Insurance Legislation
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gives you a quick guide to the history, nature, legislation, functions and organisations of insurance in Malaysia
Insurance legislation

The Insurance Act was introduced in 1963 and it is the main set of rules and regulations governing the operation of life and general insurance business in Malaysia. The Insurance Act, 1963 and its subsequent amendments provide the Director-General of Insurance (DGI) with the process of general supervision and control of the insurance industry. The life and general insurance business, just as any other form of business, is subject to other statutory laws. Some of these are:-
  1. Companies Act, 1965
  2. Malaysian Income Tax Act, 1967
  3. Unclaimed Monies Act, 1965
  4. Civil Law Act 1972, and
  5. Estate Duty Enactment Act, 1941

Law of Contract

A contract is an agreement between 2 or more parties. The parties to an insurance contract are the insured and the insurer. However not all agreements are contracts. To constitute a contract the following elements are essential:-

  1. Offer and Acceptance - the proposer makes the offer to the insurer. If satisfied with the risk, the insurer accepts it.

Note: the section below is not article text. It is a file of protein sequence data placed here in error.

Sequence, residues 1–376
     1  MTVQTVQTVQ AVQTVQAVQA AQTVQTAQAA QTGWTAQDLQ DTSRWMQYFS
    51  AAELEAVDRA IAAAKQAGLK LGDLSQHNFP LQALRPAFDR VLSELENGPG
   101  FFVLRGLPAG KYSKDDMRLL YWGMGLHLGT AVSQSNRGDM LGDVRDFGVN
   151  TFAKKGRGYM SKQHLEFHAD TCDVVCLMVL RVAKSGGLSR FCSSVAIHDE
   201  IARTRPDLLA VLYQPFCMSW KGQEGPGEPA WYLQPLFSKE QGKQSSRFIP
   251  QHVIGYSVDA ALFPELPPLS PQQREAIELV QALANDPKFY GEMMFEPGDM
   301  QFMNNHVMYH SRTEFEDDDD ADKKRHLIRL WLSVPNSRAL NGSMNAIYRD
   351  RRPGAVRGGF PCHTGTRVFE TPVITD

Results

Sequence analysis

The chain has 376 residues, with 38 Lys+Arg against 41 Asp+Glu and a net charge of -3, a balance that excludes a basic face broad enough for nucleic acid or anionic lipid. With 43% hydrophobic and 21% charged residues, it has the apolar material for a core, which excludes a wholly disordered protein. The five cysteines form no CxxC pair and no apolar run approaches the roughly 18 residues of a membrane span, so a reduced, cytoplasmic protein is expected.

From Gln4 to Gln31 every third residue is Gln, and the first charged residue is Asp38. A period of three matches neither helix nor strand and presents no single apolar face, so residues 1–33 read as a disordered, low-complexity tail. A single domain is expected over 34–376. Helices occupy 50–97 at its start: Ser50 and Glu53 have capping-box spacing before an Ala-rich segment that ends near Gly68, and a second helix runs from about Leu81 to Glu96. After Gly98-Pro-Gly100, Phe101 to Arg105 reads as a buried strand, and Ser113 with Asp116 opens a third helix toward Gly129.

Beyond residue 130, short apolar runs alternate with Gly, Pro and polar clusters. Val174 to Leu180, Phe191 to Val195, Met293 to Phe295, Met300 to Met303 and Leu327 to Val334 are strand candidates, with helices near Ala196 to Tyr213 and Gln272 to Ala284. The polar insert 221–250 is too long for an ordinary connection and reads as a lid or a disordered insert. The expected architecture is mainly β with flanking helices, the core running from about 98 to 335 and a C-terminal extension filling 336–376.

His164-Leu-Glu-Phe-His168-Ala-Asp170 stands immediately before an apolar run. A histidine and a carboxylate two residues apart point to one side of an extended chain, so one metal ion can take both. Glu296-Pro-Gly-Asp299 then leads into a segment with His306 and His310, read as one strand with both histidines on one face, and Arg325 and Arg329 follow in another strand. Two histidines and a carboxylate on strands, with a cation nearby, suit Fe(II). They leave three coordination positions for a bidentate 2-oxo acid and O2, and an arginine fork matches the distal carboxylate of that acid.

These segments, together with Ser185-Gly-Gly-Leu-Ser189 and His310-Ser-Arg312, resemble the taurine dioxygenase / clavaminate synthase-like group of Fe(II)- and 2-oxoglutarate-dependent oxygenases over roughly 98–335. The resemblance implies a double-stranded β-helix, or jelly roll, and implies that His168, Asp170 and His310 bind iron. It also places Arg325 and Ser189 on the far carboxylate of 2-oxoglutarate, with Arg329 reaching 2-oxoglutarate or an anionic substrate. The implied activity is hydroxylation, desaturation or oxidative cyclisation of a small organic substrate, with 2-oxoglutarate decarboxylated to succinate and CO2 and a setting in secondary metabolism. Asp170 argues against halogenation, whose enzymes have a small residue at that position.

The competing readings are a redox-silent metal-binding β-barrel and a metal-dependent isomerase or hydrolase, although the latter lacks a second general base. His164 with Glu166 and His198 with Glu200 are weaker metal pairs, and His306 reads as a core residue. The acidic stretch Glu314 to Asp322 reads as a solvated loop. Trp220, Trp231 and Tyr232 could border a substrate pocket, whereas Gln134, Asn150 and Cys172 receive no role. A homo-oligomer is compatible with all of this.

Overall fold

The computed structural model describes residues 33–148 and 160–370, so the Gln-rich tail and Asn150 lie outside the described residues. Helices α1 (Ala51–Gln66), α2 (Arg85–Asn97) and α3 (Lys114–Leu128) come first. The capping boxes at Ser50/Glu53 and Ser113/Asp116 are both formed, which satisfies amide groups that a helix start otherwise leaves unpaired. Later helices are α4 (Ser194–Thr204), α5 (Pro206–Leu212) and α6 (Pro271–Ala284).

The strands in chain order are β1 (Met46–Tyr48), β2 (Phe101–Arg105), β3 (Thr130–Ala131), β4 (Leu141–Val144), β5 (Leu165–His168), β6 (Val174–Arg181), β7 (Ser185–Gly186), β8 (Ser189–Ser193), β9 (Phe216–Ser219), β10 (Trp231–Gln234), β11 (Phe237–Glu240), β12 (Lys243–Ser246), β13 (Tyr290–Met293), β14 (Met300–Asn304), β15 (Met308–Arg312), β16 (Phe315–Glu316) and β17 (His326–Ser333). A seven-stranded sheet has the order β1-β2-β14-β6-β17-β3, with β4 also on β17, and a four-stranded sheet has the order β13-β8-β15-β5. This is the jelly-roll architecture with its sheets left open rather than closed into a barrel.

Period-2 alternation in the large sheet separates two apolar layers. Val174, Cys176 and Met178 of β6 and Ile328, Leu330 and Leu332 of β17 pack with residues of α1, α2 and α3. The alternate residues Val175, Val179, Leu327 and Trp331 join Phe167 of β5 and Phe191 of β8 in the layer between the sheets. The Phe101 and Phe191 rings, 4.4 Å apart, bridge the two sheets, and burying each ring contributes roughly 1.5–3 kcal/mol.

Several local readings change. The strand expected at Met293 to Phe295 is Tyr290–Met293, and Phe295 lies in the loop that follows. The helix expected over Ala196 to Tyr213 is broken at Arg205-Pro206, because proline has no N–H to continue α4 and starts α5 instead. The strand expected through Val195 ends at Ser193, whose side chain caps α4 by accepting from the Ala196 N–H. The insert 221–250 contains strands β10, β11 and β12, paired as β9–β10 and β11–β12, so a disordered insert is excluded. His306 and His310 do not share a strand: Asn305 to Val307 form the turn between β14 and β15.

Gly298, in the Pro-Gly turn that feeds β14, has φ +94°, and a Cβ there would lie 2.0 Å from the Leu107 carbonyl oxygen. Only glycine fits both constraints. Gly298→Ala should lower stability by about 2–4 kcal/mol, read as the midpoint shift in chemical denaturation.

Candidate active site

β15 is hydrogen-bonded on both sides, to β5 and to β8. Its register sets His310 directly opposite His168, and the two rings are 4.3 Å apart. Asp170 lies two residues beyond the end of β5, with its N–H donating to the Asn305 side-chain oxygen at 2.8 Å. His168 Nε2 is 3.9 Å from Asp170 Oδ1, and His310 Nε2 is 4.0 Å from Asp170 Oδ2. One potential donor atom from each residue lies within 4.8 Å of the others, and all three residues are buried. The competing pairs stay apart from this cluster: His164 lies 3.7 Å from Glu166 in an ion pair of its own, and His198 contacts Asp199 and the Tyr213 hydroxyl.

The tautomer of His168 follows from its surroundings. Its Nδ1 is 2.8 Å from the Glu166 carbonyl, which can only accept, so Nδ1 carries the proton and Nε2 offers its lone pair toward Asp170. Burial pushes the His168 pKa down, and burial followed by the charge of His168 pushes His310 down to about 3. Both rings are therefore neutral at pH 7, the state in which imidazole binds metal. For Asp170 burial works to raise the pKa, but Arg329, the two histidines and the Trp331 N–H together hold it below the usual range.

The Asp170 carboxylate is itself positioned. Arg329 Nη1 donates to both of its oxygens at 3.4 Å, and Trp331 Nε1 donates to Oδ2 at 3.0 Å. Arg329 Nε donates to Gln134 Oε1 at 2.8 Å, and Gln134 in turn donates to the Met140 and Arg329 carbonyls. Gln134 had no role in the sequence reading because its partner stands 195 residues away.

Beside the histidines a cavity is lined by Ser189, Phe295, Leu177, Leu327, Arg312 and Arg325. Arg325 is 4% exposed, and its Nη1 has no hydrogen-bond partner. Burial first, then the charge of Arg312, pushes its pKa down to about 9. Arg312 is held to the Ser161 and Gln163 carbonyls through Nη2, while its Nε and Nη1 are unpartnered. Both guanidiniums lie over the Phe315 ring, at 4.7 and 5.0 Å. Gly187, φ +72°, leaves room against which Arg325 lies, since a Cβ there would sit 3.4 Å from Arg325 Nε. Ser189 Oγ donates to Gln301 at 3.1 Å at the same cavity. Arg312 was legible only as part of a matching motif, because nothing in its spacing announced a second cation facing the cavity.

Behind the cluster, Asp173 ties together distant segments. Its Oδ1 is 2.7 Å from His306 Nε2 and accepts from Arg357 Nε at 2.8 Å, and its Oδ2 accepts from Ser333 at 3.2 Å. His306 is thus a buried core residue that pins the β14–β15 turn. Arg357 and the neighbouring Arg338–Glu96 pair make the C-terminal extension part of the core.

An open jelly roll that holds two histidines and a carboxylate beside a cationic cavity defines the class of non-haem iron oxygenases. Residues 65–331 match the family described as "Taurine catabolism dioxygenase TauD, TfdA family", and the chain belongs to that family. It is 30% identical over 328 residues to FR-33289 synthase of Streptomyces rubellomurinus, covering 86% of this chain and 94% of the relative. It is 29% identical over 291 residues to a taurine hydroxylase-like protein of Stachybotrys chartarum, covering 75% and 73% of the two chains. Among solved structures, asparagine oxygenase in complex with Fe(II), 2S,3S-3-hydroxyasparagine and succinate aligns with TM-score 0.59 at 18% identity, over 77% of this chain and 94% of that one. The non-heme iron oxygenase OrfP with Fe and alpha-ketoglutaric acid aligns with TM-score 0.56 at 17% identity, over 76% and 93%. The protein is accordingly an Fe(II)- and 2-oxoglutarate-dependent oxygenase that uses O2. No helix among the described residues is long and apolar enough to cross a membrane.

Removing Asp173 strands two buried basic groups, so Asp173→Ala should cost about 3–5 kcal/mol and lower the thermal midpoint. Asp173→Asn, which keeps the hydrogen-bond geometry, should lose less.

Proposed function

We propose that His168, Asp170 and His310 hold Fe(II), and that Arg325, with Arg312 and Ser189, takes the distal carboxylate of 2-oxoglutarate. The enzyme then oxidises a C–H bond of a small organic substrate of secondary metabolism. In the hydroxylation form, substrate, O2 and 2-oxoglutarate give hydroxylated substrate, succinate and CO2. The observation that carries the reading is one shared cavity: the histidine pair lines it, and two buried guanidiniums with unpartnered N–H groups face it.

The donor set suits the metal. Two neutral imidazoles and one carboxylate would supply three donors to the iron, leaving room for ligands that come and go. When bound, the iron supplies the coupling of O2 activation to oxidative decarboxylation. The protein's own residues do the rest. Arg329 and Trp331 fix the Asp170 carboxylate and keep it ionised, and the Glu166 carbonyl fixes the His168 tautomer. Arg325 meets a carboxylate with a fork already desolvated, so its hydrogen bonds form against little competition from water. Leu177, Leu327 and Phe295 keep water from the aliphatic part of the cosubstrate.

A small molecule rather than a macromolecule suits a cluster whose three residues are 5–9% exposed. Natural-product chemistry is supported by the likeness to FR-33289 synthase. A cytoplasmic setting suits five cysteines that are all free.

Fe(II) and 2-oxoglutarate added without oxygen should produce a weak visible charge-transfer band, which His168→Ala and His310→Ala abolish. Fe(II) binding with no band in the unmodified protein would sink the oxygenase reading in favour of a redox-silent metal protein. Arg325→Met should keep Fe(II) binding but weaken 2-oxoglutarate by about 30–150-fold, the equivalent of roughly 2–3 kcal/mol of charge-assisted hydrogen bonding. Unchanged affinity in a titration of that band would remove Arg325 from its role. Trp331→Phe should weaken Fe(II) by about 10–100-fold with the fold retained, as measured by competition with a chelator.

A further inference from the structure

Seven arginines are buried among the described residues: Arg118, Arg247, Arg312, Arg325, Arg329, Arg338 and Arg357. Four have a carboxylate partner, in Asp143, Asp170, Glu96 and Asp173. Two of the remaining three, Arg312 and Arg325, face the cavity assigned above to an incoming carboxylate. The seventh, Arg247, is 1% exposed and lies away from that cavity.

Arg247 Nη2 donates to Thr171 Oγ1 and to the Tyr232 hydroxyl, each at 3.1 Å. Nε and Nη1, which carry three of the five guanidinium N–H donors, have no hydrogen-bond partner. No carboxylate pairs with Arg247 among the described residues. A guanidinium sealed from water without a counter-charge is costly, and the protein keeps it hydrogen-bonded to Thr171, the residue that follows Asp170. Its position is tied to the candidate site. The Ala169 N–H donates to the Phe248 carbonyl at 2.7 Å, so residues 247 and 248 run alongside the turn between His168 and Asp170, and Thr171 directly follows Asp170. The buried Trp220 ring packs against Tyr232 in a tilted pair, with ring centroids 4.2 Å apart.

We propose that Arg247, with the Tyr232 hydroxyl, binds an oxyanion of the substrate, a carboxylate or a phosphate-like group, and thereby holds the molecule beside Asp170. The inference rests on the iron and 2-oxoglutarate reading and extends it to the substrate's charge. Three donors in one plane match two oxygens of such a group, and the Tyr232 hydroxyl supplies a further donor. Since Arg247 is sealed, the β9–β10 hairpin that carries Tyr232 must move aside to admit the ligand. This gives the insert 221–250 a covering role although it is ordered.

2. Consideration - the insured's consideration is the premium and the insurer's is the promise to provide indemnity in the event of a loss. If the insured fails to pay the premium, the contract is not valid and the insurer therefore will not be liable for any claim. However, Section 44A of the Insurance Act, 1963 has amended this position in respect of motor insurance contracts. The insured is required to pay the premium on the day he is afforded insurance cover. Once a cover note or a policy is issued, it is taken that the contract is valid. If the insurer failed to collect the premium, the insurer cannot subsequently repudiate liability on the grounds that consideration was not furnished.
  3. Consensus ad idem - both parties should agree to the same thing with the same mind.
  4. Capacity of the parties - minors and persons of unsound mind cannot enter into contracts. But the Insurance Act, 1963 provided legal capacity to anybody above 16 and on condition that the written consent of the parent/guardian is obtained for those above 10 but below 16.
  5. Legality of the contract - the subject matter of the contract must be legal. For example, stolen goods cannot be insured.

All contracts are governed by the general principle of the law of contract as specified in the Contracts Act, 1950.

Law of Agency

The law of agency is the law governing situations where one party, the principal, is represented by or acts through another, the agent, in a matter that may create a legal relation between the principal and a third party. In such an event, the principal may incur a liability to a third party whilst the agent is under no such liability. This is summed up by the legal maxim 'qui facit per alium facit per se' which means 'he who does something through another does it himself'.


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